SUSAN PISANO (AMERICA’S HEALTH INSURANCE PLANS): That is a legitimate public policy discussion. States have been struggling to preserve their safety nets. And not only do many studies demonstrate that Medicaid populations are better off under the new systems, but they als
demonstrate that states are saving money.

CHRIS CUOMO (ABC NEWS): (Voiceover) But saving money how? In Illinois, the state sued Amerigroup and won, arguing that the company took $232 million in tax dollars over four years
but spent little more than half on healthcare. How? By signing up healthy patients and avoiding enrolling sick ones. This court deposition shows how Amerigroup’s marketing officer described his strategy.

HERMAN WRIGHT (FORMER CHIEF MARKETING OFFICER): The growth strategy was to bring in all of the, all of the folks out there who are healthy, which were basically the majority of your population.

COURT OFFICIAL (MALE): And not to focus on the people who were already sick and in the, the medical system?

HERMAN WRIGHT (FORMER CHIEF MARKETING OFFICER): Well, I’m from the health insurance industry from day one. I think one of the things, if I told anybody that I was gonna go out and enroll as many sick people as I could in health insurance, I would be fired.

CHRIS CUOMO (ABC NEWS): (Voiceover) We asked Amerigroup and the other major Medicaid HMOs to talk with us about the care they provide and the profits they earn. All declined and referred us to the industry’s trade group.

CHRIS CUOMO (ABC NEWS): (Off-camera) Should we cap the profits? So forget about good years, bad years, you know you can’t make more than this because we want to protect this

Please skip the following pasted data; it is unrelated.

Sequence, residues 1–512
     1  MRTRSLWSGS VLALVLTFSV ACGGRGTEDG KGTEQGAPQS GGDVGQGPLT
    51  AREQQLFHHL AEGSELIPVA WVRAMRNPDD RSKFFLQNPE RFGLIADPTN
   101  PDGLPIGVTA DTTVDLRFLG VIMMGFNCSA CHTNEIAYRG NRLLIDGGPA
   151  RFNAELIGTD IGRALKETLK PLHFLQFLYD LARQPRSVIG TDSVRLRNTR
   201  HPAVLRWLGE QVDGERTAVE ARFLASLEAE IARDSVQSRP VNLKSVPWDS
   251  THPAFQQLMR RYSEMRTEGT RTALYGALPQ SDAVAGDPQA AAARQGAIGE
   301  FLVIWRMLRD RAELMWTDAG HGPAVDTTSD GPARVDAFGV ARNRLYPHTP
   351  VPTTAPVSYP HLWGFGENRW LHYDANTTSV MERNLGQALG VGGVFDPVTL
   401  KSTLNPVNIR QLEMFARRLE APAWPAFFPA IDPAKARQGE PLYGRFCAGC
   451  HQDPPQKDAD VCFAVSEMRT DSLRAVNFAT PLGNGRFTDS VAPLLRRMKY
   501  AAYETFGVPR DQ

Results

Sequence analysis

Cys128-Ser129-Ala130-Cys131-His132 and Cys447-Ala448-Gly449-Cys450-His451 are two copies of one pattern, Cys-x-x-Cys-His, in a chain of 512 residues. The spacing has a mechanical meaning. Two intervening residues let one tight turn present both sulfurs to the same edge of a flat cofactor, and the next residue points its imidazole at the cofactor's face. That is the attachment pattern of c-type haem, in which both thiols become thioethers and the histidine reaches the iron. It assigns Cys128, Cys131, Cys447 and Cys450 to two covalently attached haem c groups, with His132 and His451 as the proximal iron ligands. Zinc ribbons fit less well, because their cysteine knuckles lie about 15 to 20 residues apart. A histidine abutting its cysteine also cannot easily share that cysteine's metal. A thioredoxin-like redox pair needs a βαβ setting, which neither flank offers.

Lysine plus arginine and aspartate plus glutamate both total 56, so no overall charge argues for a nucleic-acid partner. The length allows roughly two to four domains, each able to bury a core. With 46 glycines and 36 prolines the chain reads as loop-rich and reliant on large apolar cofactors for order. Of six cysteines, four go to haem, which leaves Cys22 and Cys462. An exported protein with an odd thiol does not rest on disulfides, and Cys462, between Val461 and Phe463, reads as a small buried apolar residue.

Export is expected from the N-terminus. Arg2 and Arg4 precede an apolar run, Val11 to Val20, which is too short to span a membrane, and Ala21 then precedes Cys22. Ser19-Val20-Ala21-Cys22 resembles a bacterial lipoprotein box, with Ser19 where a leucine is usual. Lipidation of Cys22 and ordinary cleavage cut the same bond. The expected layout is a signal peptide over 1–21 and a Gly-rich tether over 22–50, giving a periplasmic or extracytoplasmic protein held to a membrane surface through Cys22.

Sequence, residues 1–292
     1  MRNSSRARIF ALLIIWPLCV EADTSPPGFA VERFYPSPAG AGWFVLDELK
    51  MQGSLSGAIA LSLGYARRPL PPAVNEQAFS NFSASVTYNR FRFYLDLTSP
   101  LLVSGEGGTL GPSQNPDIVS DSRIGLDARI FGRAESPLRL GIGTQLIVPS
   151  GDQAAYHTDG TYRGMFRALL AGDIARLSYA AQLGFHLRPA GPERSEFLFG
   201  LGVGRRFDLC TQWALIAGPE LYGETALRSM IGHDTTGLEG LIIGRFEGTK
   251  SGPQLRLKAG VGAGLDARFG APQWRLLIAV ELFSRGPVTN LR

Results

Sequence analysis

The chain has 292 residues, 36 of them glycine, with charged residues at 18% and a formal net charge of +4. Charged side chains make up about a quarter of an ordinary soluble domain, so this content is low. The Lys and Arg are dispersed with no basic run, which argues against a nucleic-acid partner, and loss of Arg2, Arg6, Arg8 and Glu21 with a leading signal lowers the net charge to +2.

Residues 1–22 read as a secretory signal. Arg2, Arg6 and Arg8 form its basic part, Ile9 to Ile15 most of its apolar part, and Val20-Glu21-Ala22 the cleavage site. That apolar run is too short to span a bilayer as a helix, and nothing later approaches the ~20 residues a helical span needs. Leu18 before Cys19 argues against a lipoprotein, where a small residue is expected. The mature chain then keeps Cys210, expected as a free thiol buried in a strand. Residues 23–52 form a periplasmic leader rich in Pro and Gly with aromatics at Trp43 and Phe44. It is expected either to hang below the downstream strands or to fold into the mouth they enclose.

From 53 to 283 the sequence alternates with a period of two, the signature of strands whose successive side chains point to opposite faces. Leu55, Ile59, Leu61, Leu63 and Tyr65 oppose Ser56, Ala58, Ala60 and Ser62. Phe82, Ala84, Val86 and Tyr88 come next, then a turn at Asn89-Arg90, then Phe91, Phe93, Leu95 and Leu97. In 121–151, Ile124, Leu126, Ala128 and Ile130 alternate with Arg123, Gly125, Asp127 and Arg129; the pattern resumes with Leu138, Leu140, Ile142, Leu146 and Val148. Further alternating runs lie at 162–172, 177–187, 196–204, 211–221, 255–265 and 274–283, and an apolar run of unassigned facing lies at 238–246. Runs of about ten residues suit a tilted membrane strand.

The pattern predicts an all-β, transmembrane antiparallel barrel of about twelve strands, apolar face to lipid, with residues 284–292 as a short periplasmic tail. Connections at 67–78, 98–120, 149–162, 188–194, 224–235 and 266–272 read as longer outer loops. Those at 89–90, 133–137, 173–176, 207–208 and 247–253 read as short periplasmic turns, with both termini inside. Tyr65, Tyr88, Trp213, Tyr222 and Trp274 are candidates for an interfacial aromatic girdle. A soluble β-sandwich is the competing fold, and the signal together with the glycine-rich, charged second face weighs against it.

SUSAN PISANO (AMERICA’S HEALTH INSURANCE PLANS): Well, in, in some states, the, the profit levels are, there is a cap on them.

CHRIS CUOMO (ABC NEWS): (Off-camera) And what do you think of that?

SUSAN PISANO (AMERICA’S HEALTH INSURANCE PLANS): You know, I think that it is reasonable for states to look at what makes sense to create a system that works for them.

CHRIS CUOMO (ABC NEWS): (Off-camera) What does that mean? Should you cap profits or no?

SUSAN PISANO (AMERICA’S HEALTH INSURANCE PLANS): I’m not gonna say yes or no to that question.

CHRIS CUOMO (ABC NEWS): Why not? You are here to represent the companies. What is their position, because that would address the concern.


CHRIS CUOMO (ABC NEWS): (Off-camera) People say, ‘We don’t want them to price gouge. We don’t want them to discourage care. So let’s take a little bit of the profit incentive out.”

SUSAN PISANO (AMERICA’S HEALTH INSURANCE PLANS): I think it’s the wrong question to ask.

CHRIS CUOMO (ABC NEWS): (Off-camera) Why?

SUSAN PISANO (AMERICA’S HEALTH INSURANCE PLANS): The question to ask ought to be, are people getting better access to care?

CHRIS CUOMO (ABC NEWS): (Voiceover) Critics say too often the answer is ‘No.” Patients are getting fewer services. And that unless the government sets caps on profit and revenue, private companies will continue to make money off Medicaid while denying care for patients like Mikeriya.

ELLEN ROBERTS (MIKERIYA AINSLEY’S THERAPIST): At this point, if she doesn’t get the extra help, she’s gonna become very frustrated and she will probably just kind of give up.

CHRIS CUOMO (ABC NEWS): (Off-camera) Now, while the Medicaid HMOs wouldn’t speak to us on camera, two of them did send us written statements. Amerigroup says it is appealing the
verdict of that lawsuit in Illinois.


CHRIS CUOMO (ABC NEWS): (Voiceover) In a statement, the company told ‘GMA,” ‘A few snippets of trial testimony from the case don’t tell the full story. Amerigroup’s state partner
knew about Amerigroup’s marketing initiatives and approved them.” And as for Centene Corporation’s contributions to things like that baseball stadium and the statue in Montana and the National Symphony Orchestra, the company says it remains committed to these activities and
fervently believes they reflect the actions of a responsible and publicly-focused corporation. We wanna do more of these stories. We wanna know what works. We wanna what did not work. So please send us your stories about healthcare to